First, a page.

Ian Curtis took his own life on May 18th, 1980.  He was only 23 years old. Perhaps we all remember this because it’s often part of the rock & roll mythos to acknowledge an artist’s day of passing instead their day of birth (Ian Kevin Curtis was born July 15th, 1956).

Photo by Philippe Carly
Photo by Philippe Carly

One of the reasons for this could also be that Joy Division’s most popular song “Love Will Tear Us Apart”—released posthumously, actually became the epitaph engraved upon Ian’s headstone.


Regardless, today is a day for many people to spend in memoriam of the late Joy Division frontman, and there are many possible ways of doing so. One way to honor his memory is by watching the Anton Corbijn directed film “Control”, which is based on his wife Deborah Curtis’ book Touching from a Distance.


You can also watch The story of Factory Records in Tony Wilson’s excellent 24 Hour Party People.

Plus there is also the great Jon Savage written, and Grant Gee directed, Official documentary on Joy Division


You can also listen to (or order the reissues of) the albums Unknown Pleasures, Closer, Still, and Substance, perhaps dwelling upon the song “Atmosphere” as being an unofficial Eulogy (or for the more initiated, New Order’s “Elegia”).

joydivision albums

And in addition to Deborah’s book “Touching From a Distance” (and the recent official book of song lyrics and notes), there are books on Joy Division from Peter Hook, Bernard Sumner, Paul Morley, Jon Savage, and photographer Kevin Cummins (also worth noting is the book of Post-Punk photography from Philippe Carly featuring stunning photographs of Ian Curtis from The Plan K in Belgium)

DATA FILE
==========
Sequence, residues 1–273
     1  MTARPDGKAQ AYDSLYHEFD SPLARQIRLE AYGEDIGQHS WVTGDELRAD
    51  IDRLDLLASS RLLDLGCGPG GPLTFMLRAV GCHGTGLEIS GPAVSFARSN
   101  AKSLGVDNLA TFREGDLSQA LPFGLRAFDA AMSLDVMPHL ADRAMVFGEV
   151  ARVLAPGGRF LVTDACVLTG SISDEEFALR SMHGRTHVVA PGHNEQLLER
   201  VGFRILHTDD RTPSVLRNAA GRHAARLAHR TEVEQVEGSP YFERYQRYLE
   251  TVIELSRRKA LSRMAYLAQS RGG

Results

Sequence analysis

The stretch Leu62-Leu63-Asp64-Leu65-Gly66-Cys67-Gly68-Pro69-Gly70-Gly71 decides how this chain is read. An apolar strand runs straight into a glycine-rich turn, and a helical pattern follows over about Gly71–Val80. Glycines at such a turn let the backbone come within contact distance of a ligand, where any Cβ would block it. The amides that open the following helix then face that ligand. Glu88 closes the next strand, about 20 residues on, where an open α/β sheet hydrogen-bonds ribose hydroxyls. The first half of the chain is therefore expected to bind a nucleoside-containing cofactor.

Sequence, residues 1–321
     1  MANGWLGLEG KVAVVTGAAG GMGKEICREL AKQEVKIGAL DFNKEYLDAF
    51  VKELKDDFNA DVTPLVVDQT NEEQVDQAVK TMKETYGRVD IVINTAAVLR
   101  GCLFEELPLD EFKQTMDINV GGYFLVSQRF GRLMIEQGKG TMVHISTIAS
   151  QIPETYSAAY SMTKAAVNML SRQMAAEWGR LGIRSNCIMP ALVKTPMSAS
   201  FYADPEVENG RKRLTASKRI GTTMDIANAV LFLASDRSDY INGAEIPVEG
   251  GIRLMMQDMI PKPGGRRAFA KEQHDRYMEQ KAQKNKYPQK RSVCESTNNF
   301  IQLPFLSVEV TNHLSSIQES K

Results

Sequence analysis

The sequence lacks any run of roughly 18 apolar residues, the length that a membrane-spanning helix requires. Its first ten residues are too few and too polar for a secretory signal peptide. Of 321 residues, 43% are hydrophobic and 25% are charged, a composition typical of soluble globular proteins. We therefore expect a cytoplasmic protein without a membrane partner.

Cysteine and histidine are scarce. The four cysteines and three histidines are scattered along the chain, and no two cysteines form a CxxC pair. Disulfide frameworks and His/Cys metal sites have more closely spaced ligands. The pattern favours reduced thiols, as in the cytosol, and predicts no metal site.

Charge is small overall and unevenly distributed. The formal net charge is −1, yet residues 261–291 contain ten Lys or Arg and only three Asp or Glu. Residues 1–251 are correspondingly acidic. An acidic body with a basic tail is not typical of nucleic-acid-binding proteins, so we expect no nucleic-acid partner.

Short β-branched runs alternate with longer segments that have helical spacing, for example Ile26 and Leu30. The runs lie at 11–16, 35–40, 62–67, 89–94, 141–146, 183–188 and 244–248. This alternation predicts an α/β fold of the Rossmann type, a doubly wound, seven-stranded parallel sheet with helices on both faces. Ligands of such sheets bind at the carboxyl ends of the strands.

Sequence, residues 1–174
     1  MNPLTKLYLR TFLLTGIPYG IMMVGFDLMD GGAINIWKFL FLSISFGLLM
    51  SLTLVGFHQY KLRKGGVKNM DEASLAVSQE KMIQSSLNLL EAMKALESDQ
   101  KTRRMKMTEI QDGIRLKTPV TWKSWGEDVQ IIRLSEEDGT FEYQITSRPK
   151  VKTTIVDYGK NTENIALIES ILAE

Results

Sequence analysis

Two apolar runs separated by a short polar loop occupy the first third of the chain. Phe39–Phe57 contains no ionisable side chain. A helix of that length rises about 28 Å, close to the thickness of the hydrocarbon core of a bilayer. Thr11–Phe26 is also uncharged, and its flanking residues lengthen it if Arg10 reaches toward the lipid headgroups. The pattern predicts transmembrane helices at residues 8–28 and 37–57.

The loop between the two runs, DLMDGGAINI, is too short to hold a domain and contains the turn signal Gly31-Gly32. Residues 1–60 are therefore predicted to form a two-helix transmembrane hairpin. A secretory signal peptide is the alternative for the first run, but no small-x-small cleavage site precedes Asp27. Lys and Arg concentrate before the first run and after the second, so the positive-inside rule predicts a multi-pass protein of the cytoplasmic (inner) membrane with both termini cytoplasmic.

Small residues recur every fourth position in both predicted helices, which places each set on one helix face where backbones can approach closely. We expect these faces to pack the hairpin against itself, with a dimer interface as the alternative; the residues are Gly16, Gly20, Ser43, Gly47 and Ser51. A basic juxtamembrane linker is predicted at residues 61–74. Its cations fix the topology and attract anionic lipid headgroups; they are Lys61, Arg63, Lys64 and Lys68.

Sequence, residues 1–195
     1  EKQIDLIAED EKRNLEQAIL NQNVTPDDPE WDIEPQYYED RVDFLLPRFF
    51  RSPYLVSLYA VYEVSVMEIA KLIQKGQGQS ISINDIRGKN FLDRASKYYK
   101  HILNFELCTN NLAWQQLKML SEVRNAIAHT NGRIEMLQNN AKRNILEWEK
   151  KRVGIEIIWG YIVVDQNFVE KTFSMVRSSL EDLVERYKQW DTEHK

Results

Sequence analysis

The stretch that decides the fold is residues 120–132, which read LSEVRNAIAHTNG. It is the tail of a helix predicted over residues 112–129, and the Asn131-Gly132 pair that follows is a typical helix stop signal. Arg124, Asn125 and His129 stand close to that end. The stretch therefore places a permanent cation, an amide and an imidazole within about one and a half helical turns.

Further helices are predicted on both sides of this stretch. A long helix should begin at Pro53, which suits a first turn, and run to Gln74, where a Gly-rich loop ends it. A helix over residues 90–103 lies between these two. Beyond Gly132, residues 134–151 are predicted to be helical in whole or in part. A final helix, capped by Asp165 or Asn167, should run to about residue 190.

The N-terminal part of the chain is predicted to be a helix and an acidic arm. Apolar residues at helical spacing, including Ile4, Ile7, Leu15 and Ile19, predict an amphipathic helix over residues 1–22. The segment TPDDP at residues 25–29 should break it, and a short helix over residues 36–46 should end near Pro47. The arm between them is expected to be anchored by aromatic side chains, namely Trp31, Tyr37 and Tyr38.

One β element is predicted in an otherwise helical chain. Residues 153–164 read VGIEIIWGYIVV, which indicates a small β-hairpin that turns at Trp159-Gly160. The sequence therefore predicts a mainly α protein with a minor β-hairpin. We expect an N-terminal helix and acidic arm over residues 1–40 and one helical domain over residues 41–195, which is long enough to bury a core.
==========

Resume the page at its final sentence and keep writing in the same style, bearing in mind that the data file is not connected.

Yes, you can do all these things above, but perhaps to truly remember Ian, you should look into experiencing some of the film, music, and literature he loved:

Like listening to side 2 of David Bowie’s Low, especially the track “Warsawa” (this is why Joy Division was initially called Warsaw)

Or consider the idea that perhaps David Cronenberg could direct a fantastic Ian Curtis biopic, as two of his films are based upon works by Ian’s favorite Authors:

Naked Lunch, from which the song “Interzone” gets its name.

And Crash, an adaptation of the book by J.G. Ballard, who also wrote the book The Atrocity Exhibition, from which Crash was originally a short story. (The Creatures “Miss the Girl”, and The Normal’s “Warm Leatherette” both take inspiration from Crash).

Also worth reading are Dostoevsky’s Notes from the Underground, Hermann Hesse’s Steppenwolf, and more works from Nietzsche and Jean-Paul Sartre.  Also lastly as far as books are concerned, let us not forget the novel from which the name Joy Division is taken, The House of Dolls, by Ka-Tsetnik 135633 (yes, that’s the guy’s real pen name).


And as far as music is concerned, besides the obvious choice of Bowie—you can listen to anything by The Doors, Lou Reed and The Velvet Underground, Iggy Pop, and Kraftwerk

Me, I think I will listen to Louie Louie…

Please remember that Suicide is never the answer—call the National Suicide Prevention Lifeline if you or someone you know are having thoughts about taking their life.

Additionally, there is an international list of Suicide Crisis lines via Wikipedia

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